Nancy Pelosi Cashes in Like a Fat Rat
While businesses nationwide are closed and Americans everywhere are temporarily out of work, some already-rich politicians are getting richer. It’s a ugly story that stinks of insider trading.
In January, Democrat Speaker of the House Nancy Pelosi’s husband bought over $5.5 million worth of Amazon and Facebook stock. At first glance, that’s not suspicious, in and of itself. Paul Pelosi is a venture capitalist and investor.
But the timing of the purchase, and the subsequent windfall...now those bear closer examination.
Paul Pelosi bought those stocks while Congress was holding emergency closed-door meetings about the growing coronavirus crisis. By exercising call options, Mr. Pelosi was able to buy the stocks at a much lower price than they were trading. He bought 3000 shares of Amazon for $4.8 million and 5000 shares of Facebook for $720,000.
In the ten weeks since, the value of that purchase has increased dramatically. By mid-February, Amazon hit $1 trillion in valuation, trading for 16% over the closing price the day of Pelosi’s purchase. So far, the Pelosis have made $1.1 million in an unbelievably-lucky deal that is almost too good to be true.
But was it luck, Paul Pelosi’s shrewd business acumen, or something else?
The Pelosi purchase wouldn’t stand out as much if there weren’t other suspiciously-fortunate stock transactions involving politicians. Tellingly, these all took place in the days immediately before the coronavirus panic caused a stock market nosedive.
January 24th through February 14th
On January 24th, Senator Kelly Loeffler of Georgia was briefed by two members of President Trump’s Coronavirus Task Force. That same day, she and her husband, Jeffrey Sprecher, started selling stock.
Between the 24th of January and the 14th of February, the couple dumped nearly $2.5 million of stock. $500,000 of that stock was in Exxon Mobil, which has seen its value cut in half since the first of the year.
Of special relevance, they also bought stock in a company that makes work-from-home software. This is quite the coincidence, since this is exactly what millions of Americans were forced to do.
Again not at all a coincidence, Jeffrey Sprecher is Chairman of the New York Stock Exchange. He and Senator Loeffler have a net worth of over $500 million.
January 31st through February 18th
Between these dates, Senator Dianne Feinstein dumped up to $6 million in biotech stock. Allogene Therapeutics’ value has fallen by 20% since the first of the year.
The California Democrat, the ranking member of the Senate Judiciary Committee, went on spin control the minute the story broke. It was solely her husband, Richard Blum, who was responsible, Feinstein tried to explain. “She has no involvement in her husband’s financial decisions,” says her spokesperson.
Both Nancy Pelosi and Dianne Feinstein made MILLIONS off of their husbands’ “independent” decisions. How convenient.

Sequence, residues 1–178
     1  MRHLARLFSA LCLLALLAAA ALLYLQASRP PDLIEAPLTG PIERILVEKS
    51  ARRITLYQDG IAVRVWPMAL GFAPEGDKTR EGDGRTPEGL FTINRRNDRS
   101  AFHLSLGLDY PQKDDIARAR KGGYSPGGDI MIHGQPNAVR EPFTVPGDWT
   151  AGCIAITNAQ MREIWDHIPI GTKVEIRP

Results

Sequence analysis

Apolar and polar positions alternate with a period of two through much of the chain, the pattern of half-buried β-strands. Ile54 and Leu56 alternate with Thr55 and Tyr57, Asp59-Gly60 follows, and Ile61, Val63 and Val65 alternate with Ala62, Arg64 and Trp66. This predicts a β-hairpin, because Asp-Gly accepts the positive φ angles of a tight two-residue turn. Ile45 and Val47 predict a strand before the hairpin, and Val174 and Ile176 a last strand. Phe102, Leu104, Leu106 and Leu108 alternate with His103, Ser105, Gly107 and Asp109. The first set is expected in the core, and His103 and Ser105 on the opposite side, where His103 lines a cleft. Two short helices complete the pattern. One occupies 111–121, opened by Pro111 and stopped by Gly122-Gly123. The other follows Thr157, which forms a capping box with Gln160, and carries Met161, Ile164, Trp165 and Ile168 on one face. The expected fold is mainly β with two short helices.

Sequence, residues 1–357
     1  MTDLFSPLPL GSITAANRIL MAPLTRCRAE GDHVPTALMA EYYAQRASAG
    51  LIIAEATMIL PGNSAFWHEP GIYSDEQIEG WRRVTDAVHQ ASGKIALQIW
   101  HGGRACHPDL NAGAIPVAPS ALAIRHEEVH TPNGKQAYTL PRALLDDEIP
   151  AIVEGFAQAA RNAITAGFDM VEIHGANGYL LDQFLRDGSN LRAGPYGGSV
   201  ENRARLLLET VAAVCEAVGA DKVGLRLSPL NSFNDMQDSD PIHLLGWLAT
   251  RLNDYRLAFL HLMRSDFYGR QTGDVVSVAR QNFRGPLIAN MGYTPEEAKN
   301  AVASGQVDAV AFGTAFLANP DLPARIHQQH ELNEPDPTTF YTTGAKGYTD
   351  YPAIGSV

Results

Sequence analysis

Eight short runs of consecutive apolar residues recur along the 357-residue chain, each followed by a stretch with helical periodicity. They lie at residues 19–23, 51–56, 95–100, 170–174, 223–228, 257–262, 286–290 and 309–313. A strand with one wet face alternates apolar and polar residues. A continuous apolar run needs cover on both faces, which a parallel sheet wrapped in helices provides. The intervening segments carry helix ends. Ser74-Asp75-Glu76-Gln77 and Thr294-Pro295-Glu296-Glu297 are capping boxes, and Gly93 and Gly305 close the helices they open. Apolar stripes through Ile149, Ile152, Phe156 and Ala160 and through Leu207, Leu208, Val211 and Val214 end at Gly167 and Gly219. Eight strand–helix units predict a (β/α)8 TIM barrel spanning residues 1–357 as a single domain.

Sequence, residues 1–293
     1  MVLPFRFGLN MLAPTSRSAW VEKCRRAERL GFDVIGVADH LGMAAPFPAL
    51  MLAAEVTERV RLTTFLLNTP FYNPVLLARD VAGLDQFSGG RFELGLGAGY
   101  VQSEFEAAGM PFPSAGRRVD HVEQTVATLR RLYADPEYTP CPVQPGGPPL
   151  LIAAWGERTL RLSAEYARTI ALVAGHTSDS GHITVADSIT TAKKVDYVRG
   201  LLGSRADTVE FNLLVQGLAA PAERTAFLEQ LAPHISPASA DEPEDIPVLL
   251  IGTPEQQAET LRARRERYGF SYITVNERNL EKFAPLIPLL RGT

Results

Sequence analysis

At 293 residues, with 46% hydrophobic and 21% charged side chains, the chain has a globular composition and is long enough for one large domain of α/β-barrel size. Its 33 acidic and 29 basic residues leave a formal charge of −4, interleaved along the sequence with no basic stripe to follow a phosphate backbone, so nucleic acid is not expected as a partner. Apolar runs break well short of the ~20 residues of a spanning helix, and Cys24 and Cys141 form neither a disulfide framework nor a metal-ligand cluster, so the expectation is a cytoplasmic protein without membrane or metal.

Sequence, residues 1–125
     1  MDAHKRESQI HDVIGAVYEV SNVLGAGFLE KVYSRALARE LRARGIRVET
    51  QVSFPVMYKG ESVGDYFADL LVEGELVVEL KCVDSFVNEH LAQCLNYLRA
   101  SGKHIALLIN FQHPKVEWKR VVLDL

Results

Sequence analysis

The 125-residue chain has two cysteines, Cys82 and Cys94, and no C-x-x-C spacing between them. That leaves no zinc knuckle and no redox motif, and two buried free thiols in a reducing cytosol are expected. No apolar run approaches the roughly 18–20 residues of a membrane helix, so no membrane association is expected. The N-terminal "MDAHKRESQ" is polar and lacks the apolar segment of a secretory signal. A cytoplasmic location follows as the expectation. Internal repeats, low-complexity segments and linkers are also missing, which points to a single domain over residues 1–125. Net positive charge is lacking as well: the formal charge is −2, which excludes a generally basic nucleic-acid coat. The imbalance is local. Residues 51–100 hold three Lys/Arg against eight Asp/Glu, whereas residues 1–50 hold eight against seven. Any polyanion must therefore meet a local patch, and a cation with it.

Senator Richard Burr of North Carolina used over 30 transactions to dump $1.6 million in stocks. $100,000 of that stock was in firms like Wyndham Hotels and Complete Extended Stay. Because citizens are advised not to travel, the hospitality industry has been especially hard-hit by the coronavirus crisis.
Burr’s attorney says, “The law is clear that any American – including a senator – may participate in the stock market based on public information, as Sen. Burr did.”
That is correct — senators may use public information to guide their decisions. But the Stock Act of 2012 specifically prohibits members of Congress from using any nonpublic information they may learn in the performance of their duties. Legislators — and their staffs — “are not exempt from the insider prohibitions arising under the securities laws”.
Senator Burr was one of only three senators who voted against the bill.
Compared to the rest of his cronies, Senator Jim Inhofe of Oklahoma looks like he arrived late to the party. Inhofe “only” sold $100,000 of stock in an asset management company that has seen its value drop by a third.
Like the others, Inhofe feigns complete ignorance, saying, “I do not have any involvement in my investment decisions.”
Is a Reckoning Coming?
Since the story of these lucrative transactions came to light, there’s been outrage from both the Left and the Right.
The President of Accountable.us, Kyle Herrig, said, “…(any member) of Congress who profited off of advance knowledge of the crisis while they told the public not to worry should immediately resign and face the full consequences of the law.”
On the other end of the political spectrum, Conservative commentator Tucker Carlson said, “There is no greater moral crime than betraying your country in a time of crisis, and that appears to be what happened.”
The Justice Department has opened an official inquiry into these stock transactions, so this story will continue to develop.